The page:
In this two-part series, Andréa Maria Cecil explores women in sports and what supporters and critics have to say about the contentious Title IX legislation. In Part 2, Cecil investigates the effects of Title IX on women and men and explains CrossFit’s approach.
Former U.S. Sen. Birch Bayh once said, “Title IX is rather simple: don’t discriminate on the basis of sex.”
But the federal legislation has been anything but.
While there is no shortage of people who credit the 41-year-old mandate with championing equal opportunities for girls and women, members of a growing constituency say interpretation of the law has had detrimental effects on boys’ and men’s sports.
“I would describe it as a federal law that actually changed the whole landscape and culture in the United States,” says Kathy DeBoer, executive director of the American Volleyball Coaches Association. DeBoer spent 23 years in intercollegiate athletics as a coach, administrator and fundraiser.
She adds: “I think it’s impossible to look at the culture of the United States in terms of women’s education attainment and women’s professional attainment without looking at Title IX. It was groundbreaking. It was landmark. It’s never been replicated anywhere in the world.”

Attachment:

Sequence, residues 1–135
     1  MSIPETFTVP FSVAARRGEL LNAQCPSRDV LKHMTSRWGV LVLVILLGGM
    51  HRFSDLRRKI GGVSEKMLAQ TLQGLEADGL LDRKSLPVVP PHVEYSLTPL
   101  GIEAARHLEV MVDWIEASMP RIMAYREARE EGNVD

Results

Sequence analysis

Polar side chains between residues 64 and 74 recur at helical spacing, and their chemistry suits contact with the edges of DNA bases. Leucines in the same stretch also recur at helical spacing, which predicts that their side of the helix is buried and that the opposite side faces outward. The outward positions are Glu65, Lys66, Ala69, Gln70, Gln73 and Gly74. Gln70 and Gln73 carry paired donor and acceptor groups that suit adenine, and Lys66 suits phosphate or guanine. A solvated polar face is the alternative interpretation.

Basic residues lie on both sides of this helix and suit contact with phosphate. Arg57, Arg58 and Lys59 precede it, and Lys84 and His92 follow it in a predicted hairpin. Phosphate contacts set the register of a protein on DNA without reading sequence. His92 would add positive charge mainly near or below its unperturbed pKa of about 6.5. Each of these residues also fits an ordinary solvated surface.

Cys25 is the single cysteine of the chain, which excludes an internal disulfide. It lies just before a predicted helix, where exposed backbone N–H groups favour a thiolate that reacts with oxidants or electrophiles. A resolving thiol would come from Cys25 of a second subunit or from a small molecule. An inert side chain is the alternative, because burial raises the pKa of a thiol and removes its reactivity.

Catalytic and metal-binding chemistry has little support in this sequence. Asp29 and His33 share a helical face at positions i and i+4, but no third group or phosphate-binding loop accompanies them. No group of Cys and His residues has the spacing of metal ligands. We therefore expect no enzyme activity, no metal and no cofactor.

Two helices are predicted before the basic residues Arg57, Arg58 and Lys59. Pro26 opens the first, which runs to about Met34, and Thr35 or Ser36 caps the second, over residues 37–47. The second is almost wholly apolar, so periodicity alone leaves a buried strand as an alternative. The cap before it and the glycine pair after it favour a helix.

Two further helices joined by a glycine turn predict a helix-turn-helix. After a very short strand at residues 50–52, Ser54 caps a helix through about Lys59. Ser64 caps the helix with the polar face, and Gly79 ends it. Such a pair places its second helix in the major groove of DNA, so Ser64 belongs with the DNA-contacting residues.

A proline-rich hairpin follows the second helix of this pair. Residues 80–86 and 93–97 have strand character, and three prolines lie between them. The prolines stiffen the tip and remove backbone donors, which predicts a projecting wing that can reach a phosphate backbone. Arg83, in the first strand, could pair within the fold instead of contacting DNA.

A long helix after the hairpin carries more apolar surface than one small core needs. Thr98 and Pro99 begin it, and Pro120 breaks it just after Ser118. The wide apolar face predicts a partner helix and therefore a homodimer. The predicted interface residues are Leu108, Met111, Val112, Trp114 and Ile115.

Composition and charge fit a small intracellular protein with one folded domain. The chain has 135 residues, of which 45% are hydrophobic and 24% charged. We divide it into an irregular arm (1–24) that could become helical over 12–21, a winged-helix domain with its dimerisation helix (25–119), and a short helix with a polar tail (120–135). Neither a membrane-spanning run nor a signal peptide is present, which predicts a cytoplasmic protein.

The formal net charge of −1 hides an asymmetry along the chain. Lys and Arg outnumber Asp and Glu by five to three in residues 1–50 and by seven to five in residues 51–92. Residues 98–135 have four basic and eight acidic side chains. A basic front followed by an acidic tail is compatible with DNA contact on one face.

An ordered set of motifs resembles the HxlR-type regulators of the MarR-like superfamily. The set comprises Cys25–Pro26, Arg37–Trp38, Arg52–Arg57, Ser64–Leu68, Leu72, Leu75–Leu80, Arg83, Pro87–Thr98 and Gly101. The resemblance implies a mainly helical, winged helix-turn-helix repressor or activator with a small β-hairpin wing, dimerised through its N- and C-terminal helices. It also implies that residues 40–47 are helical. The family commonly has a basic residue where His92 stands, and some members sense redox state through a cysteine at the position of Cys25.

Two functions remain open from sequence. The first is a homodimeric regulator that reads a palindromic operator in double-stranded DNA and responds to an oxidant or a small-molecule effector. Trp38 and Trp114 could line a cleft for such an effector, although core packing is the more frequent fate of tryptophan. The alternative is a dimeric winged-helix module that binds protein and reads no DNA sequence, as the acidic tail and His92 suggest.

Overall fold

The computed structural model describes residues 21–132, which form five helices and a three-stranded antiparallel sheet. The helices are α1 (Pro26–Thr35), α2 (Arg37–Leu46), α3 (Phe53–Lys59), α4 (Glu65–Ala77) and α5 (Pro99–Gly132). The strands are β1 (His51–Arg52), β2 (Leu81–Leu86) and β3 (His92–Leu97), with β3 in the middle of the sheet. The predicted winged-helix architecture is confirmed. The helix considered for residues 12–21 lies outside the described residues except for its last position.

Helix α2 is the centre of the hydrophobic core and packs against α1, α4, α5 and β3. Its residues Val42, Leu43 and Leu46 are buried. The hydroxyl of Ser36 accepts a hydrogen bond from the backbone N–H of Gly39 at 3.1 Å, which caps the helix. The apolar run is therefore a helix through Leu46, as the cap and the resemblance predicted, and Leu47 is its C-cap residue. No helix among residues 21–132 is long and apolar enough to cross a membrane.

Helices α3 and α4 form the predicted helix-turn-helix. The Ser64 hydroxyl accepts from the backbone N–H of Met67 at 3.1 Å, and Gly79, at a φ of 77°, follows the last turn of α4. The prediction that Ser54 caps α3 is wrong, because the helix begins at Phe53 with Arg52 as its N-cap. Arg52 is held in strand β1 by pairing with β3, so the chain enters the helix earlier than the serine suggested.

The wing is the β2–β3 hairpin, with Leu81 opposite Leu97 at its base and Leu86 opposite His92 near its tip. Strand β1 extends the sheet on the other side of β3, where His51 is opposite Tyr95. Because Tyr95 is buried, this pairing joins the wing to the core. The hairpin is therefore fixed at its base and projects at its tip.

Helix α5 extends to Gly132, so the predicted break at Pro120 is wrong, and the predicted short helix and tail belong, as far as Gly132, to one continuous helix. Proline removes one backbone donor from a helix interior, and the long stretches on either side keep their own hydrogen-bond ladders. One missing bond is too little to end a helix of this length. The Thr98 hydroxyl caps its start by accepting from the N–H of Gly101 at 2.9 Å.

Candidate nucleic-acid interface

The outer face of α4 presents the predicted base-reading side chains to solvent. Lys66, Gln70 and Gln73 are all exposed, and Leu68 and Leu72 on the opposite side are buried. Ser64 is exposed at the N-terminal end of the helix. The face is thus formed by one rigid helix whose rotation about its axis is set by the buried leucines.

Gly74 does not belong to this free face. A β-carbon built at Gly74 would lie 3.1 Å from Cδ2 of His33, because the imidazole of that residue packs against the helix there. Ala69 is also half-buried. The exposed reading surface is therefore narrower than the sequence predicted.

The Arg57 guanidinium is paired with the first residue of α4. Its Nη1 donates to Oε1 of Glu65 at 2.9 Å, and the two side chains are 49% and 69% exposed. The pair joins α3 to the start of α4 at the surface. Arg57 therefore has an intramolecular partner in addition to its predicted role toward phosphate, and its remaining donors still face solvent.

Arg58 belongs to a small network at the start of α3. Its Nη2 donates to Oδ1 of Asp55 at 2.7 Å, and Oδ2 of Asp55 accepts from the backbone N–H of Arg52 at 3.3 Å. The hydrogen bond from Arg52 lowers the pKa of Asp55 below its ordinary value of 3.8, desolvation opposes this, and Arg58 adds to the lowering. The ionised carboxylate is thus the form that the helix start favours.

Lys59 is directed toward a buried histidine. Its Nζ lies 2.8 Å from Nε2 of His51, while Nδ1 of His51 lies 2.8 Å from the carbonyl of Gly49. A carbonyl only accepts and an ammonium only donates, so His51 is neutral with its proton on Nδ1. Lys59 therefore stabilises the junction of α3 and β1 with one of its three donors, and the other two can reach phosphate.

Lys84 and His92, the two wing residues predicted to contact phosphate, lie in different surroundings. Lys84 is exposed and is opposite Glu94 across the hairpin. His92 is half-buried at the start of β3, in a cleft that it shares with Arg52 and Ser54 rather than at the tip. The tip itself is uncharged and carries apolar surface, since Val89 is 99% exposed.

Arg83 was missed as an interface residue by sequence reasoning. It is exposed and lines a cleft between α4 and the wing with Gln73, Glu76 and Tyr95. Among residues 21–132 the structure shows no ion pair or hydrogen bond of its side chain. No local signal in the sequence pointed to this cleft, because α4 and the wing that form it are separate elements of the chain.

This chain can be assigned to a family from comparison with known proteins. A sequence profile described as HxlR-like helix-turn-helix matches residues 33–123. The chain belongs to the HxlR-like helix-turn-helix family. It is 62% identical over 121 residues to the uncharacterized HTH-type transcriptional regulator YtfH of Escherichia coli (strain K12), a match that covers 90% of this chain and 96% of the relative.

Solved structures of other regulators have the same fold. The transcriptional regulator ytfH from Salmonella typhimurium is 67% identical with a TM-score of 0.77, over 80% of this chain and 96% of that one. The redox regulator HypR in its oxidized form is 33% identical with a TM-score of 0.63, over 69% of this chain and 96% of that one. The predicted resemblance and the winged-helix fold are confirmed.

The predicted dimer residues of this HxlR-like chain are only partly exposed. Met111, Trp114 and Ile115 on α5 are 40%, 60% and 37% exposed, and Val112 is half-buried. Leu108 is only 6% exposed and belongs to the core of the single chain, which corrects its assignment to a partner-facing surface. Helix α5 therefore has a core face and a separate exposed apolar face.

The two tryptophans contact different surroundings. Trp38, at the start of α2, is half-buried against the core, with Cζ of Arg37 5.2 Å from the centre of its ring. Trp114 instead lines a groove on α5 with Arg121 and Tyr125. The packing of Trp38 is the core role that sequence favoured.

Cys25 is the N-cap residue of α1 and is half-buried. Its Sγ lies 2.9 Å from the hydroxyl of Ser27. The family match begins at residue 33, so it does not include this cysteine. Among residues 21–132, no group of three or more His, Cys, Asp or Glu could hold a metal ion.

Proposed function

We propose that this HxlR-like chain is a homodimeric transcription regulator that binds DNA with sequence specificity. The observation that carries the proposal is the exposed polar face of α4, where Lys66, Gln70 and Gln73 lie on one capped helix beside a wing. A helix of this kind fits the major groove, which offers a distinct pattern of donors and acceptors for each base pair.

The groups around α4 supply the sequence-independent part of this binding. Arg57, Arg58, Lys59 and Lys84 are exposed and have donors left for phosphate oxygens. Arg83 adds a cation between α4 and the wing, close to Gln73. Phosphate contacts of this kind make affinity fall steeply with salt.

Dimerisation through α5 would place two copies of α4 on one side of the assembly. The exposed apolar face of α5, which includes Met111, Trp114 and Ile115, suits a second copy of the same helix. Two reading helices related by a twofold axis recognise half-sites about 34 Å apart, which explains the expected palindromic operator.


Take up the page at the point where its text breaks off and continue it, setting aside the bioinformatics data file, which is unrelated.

Part of the Education Amendments of 1972, Title IX says: “No person in the United States shall, on the basis of sex, be excluded from participation in, be denied the benefits of, or be subjected to discrimination under any education program or activity receiving Federal financial assistance.”
Leo Kocher is fine with that language.
“It was the kind of law that no one had a problem with,” explains the president of the American Sports Council, a 10-year-old organization seeking reform of Title IX regulations. “No one wants to see sex discrimination. But it eventually got twisted by special interests.”